Ways Nashville Businesses are Capitalizing on Social Media | Nashville Web Development & Design
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Ways Nashville Businesses are Capitalizing on Social Media

June 30, 2011

In today’s business world, there’s no denying the power of social media–and that’s especially true in a city like Nashville, where there’s such a strong sense of community, both on and offline. Here are a few several Nashville-area people and businesses making headlines recently for capitalizing on social media in their marketing efforts, in diverse industries from music to politics–using it to set themselves apart, distinguish their brands, connect with customers, and promote business.

  1. Nashville Electric Service: Recently named one of the top utilities in use of social media by 2011 E Source Utility Social Media Survey, NES has leveraged social media in a variety of ways, from disseminating flood information in May 2010 on Facebook and Twitter to connecting rodeo fans through a Facebook page for the 2011 Public Power Lineworks Rodeo.
  2. Governor Haslam: Tennessee Governor Bill Haslam is the first-ever Tennessee governor to make full use of social media in his own public outreach efforts and also through a push on state departments to do the same. “Social media offers powerful tools that invite the public in and promote discussion,” Haslam said last month at the Tennessee Digital Government Summit. The governor’s online presence currently includes 40K+ Facebook fans, 8K+ Twitter followers, 1+K LinkedIn connections, and close to 100K visits to tn.gov/governor since he took office.
  3. Dolly Parton: With over one million Twitter followers to date, the Queen of Country Dolly Parton recently told The Sunday Telegraph that “you have to roll with the punches or you get left behind. “ Seeing social media as the latest bandwagon, Parton is quick to jump on, promoting her brand.
  4. Metro Nashville: Not only does Metro Nashville have a Facebook page giving info about events involving government, but also, as of last month, all Metro meetings will be available on the YouTube channel run by the city, so the government can encourage openness and transparency in the way it does business. “We are harnessing new technologies to ensure that more Nashvillians have more access to information about how our government runs,” Mayor Karl Dean said. “With access comes engagement, and that is always a good thing.”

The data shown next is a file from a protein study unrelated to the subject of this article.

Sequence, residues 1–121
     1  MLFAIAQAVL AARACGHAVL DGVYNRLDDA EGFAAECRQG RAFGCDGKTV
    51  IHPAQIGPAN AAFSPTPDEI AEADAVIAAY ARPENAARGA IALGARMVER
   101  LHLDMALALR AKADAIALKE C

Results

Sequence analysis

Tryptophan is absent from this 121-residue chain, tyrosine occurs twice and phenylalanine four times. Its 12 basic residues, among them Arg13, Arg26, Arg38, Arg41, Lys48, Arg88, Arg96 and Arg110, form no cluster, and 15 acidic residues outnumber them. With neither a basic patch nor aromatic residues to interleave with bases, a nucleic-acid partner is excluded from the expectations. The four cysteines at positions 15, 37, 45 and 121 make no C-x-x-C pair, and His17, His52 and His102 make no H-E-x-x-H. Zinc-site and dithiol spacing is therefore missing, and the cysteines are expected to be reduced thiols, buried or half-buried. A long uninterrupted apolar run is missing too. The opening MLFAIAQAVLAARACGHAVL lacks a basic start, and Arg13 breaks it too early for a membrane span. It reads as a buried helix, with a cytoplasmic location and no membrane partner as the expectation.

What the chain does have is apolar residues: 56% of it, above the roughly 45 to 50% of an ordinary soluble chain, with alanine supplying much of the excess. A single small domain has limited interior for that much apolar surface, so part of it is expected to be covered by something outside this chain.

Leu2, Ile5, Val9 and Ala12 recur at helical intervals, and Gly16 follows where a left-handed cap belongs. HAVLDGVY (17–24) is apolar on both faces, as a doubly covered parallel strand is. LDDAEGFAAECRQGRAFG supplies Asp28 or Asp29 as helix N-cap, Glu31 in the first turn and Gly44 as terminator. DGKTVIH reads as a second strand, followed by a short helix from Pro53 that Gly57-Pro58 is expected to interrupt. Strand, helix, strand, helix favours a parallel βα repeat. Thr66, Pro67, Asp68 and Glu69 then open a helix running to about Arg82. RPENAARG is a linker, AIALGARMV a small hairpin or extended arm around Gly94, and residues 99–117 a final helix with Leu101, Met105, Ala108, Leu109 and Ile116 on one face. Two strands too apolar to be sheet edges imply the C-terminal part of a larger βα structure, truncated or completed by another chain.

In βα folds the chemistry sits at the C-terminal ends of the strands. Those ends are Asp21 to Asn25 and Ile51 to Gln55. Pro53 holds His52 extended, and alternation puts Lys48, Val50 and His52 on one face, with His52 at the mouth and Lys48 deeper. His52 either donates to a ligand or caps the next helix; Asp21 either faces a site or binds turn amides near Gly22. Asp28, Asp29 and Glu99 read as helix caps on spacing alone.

5. CMT: A unit of Viacom’s MTV Networks, CMT is the leading television and digital authority on country music and entertainment, reaching more than 92 million homes in the U.S. Just last month, it launched a social-interaction-based game on Facebook called Platinum Life™: Country, designed to enhance the company’s method of connecting with fans. The game links country music fans with their favorite artists and music in meaningful ways and is the first social network game based on the country music lifestyle.

Interested in seeing how social media marketing can enhance your brand? We’d love to help–contact us today to see what Brady Mills can do for you.

Written by Brady Mills

Brady Mills

Brady Mills is a dynamic group of developers, marketers and designers with one common goal … helping you succeed. We have helped clients create engaging websites and digital collateral since 2006. We have offices in Nashville, TN and Atlanta, GA.

One comment on “Ways Nashville Businesses are Capitalizing on Social Media
  1. Much like the Nashville Electric Service social campaign to disseminate flood information, other very large organizations are starting to utilize social media for important weather related news. I just read today that the National Hurricane Center has started testing the use of Facebook and Twitter to send notifications to the public. As more and more people turn from televisions to their computers for news, it only makes sense to see the use of such mediums rise in popularity.

    In August 2010, the American Red Cross published a survey of 1,058 people ages 18 and older, which showed social media’s importance as a source of information. The survey found:

    – 18 percent of respondents said they would turn to social media if calls to 911 were unsuccessful.

    – 69 percent said emergency response agencies should regularly monitor their Web sites and social media outlets so they can respond promptly to requests for help posted there.

    – 74 percent said they would expect help to arrive within an hour of posting a request on a social media site.

    – 52 percent said they would send a text message to an agency on behalf of someone they knew who needed help.

    Of course, places like the National Hurricane Center still encourage people facing a life-threatening situation to contact their local fire, police and emergency medical agencies.

    Although social media may not be recommended for those in immediate danger, we have already seen mobile devices play a vital role in emergency management. For instance, after the massive earthquake that hit Haiti last year, there were a number of people who tweeted or texted information about individuals trapped in the rubble. Some survivors even sent messages about their location to facilitate their own rescue. Even FEMA has started using social media to send important information about disasters.

    We may be in for some surprising changes as social media and national communications collide. If done right, it could be an effective communication tool that saves lives.

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